|Publication number||US5460465 A|
|Application number||US 08/280,499|
|Publication date||Oct 24, 1995|
|Filing date||Jul 25, 1994|
|Priority date||Jul 25, 1994|
|Also published as||CA2136715A1, CA2136715C|
|Publication number||08280499, 280499, US 5460465 A, US 5460465A, US-A-5460465, US5460465 A, US5460465A|
|Inventors||Heward C. Little|
|Original Assignee||Westran Holdings Limited|
|Export Citation||BiBTeX, EndNote, RefMan|
|Patent Citations (12), Referenced by (10), Classifications (9), Legal Events (6)|
|External Links: USPTO, USPTO Assignment, Espacenet|
This application pertains to a system for tying down loads on railcars. A plurality of belts are tied across the load between opposite sides of and at spaced intervals along the railcar.
Loads such as packaged lumber, pipe, etc. shipped via open railcar must be securely tied-down to the railcar for shipment in compliance with regulations set by the railways. Conventionally, the load is carefully arranged in accordance with such regulations and tied down to the railcar surface using steel strapping and dunnage. Typically, about U.S. $200 worth of strapping and dunnage, about four man-hours of manual labor and about two machine-hours of automated labor (i.e. employing a forklift) are consumed in the tie-down operation. The strapping and dunnage adds about 1,500 pounds in weight, which must be taken into account in planning the railcar loading operation. The strapping and dunnage comprising this extra weight is scrapped when the railcar reaches its destination and the load is removed.
Newer style "center beam" railcars are provided with an integral cable-stayed load tie-down system. Such cars have a vertically extending divider which runs longitudinally along the railcar's center line. However, center beam railcars are subject to several disadvantages. For example, the divider in a center beam car precludes use of such cars in rail yards which are equipped to load or unload cars from only one side of the car. (It is not possible to load or unload only one side of a center beam car at a time, since this could cause the car to tip over. Both sides must be evenly loaded or unloaded.) Another disadvantage is that some rail yard operators use overhead cranes for loading and unloading. Center beam railcars have a roof member atop the divider which restricts load height and prevents usage of overhead cranes with such cars.
During the course of loading or unloading a center beam railcar, one or more workers must climb atop the car to attach or release components of the car's cable-stayed load tie-down system. This presents a potential safety hazard which the present invention avoids by allowing all railcar loading or unloading operations to be performed from the ground adjacent the railcar. A further potential safety hazard of the center beam railcar cable-stayed load tie-down system is its use of loose, heavy metal components such as corner brackets which must be manually positioned on the top corners of loads placed on the car before they are fixed in place. Such components may be inadvertently dropped while they are being installed, presenting serious risk of injury to persons below. The present invention does not require workers to clamber atop the loaded railcar, nor does it require heavy, loose components which may be dropped as aforesaid.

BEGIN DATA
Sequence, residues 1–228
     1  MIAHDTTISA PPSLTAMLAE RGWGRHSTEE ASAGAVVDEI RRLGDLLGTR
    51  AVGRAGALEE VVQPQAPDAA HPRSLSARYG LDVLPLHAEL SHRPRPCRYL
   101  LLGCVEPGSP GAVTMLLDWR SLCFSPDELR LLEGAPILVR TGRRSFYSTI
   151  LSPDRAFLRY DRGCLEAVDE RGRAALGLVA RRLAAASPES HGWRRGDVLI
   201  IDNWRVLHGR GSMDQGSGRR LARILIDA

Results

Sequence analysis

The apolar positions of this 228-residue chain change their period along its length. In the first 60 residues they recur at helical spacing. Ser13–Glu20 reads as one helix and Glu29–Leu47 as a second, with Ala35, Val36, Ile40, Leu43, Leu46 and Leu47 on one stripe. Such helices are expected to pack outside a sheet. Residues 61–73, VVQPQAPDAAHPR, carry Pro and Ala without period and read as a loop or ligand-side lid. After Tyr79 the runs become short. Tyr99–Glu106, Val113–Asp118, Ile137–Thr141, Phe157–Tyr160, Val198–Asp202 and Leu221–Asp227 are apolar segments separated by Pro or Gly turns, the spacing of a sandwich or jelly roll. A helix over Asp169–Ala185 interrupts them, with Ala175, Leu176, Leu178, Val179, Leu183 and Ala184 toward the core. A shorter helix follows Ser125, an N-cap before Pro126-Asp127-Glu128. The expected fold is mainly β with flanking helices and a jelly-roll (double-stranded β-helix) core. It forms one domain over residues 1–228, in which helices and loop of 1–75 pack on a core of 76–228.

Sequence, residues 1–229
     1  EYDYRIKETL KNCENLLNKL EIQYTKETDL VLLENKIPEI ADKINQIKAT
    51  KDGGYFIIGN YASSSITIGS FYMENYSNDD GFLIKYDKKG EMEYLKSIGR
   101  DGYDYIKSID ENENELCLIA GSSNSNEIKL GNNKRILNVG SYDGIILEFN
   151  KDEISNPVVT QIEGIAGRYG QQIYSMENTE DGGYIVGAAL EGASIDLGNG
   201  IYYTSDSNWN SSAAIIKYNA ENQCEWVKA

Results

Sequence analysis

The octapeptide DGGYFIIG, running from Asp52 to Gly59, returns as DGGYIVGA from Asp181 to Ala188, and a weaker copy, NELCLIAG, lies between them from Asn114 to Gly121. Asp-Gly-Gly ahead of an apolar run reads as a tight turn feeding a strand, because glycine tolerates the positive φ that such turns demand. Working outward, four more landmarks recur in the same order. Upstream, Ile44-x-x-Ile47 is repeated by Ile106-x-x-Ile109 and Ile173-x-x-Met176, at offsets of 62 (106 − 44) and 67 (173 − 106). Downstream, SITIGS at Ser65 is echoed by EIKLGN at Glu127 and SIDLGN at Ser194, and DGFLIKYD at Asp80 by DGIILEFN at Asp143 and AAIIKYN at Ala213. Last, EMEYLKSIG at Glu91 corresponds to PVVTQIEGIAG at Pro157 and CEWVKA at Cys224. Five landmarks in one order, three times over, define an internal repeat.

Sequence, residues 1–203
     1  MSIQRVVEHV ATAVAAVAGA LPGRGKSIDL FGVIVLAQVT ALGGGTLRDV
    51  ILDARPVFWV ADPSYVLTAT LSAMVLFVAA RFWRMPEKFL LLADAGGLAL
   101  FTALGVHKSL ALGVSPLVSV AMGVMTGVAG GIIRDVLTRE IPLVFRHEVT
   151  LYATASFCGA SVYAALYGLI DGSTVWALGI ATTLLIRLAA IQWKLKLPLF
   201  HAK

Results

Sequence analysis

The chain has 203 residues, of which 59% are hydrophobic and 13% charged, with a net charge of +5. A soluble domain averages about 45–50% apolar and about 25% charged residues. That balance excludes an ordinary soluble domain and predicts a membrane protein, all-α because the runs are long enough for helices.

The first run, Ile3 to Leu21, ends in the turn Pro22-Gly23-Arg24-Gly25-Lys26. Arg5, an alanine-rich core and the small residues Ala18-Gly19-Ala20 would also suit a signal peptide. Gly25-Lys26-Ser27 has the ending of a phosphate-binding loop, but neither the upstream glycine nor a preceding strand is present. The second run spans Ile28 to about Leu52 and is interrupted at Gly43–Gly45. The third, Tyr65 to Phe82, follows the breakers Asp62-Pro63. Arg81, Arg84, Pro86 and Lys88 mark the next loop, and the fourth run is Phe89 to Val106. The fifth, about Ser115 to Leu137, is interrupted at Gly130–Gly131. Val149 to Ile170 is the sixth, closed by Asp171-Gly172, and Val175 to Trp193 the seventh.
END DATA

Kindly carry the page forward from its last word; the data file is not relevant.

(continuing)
The older bulkhead style cars mentioned above do not have center dividers. By contrast, such cars have a simple flat deck which extends between a pair of transverse, vertical bulkheads located at opposed ends of the railcar. The present invention adapts such cars for the shipment of packaged lumber and similar loads in a manner which substantially reduces the need for metal strapping and dunnage, thereby reducing costs and redundant weight on the car, and minimizing the problem of having to dispose of large amounts of scrapped metal strapping and dunnage.
The invention also simplifies the railcar loading and unloading operation, which again reduces costs. Because bulkhead railcars can be loaded or unloaded from either side, and have no roof members, they are not subject to the aforementioned disadvantages of center beam cars. Further, the invention does not interfere with any traditional usage of bulkhead cars, but remains available for use in any load tie-down situation. Thus, bulkhead cars adapted in accordance with the invention can be used in "two-way" mode, to ship loads such as packaged lumber in one direction and different loads such as pipe in the return direction. This helps reduce non-revenue generating "empty miles" in which empty railcars travel in the return direction.